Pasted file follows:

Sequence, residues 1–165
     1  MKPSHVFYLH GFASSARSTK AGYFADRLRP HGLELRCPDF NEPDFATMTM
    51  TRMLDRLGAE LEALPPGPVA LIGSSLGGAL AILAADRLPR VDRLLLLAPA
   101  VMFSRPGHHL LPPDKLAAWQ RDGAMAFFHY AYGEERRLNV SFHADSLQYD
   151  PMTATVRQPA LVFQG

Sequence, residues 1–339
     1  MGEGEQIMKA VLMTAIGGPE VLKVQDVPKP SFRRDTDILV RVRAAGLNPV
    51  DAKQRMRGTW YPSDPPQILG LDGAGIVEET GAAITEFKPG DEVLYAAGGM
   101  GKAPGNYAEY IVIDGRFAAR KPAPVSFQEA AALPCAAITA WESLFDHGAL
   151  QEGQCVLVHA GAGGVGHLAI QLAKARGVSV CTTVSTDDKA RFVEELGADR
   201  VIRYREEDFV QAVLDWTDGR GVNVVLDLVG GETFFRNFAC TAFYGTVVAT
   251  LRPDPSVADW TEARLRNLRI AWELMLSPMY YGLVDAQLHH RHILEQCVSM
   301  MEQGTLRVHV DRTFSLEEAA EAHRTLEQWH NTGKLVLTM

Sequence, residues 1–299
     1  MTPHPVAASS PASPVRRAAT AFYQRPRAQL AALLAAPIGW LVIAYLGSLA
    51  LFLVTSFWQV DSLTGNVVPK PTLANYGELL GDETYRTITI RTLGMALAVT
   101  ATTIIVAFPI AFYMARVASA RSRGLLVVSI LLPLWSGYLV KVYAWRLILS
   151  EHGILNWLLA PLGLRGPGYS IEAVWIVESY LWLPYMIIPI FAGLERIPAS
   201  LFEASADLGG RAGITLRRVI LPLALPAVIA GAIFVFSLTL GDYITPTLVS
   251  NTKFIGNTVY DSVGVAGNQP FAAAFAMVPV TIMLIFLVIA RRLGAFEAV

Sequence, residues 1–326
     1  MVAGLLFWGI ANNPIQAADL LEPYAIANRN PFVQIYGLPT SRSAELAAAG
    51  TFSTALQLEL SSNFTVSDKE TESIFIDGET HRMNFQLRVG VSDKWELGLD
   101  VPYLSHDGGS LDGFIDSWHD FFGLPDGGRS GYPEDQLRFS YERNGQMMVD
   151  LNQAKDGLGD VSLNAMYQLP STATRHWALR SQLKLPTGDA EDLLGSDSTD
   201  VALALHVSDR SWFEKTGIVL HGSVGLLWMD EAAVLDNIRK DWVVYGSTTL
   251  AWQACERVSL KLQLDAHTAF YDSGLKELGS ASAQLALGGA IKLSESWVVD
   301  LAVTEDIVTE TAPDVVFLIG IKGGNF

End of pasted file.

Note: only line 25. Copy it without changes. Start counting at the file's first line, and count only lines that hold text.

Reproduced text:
   151  LNQAKDGLGD VSLNAMYQLP STATRHWALR SQLKLPTGDA EDLLGSDSTD